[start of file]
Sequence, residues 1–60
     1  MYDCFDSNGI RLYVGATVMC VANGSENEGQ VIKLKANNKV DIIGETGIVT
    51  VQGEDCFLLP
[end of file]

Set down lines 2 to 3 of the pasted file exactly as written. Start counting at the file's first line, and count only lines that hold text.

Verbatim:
     1  MYDCFDSNGI RLYVGATVMC VANGSENEGQ VIKLKANNKV DIIGETGIVT
    51  VQGEDCFLLP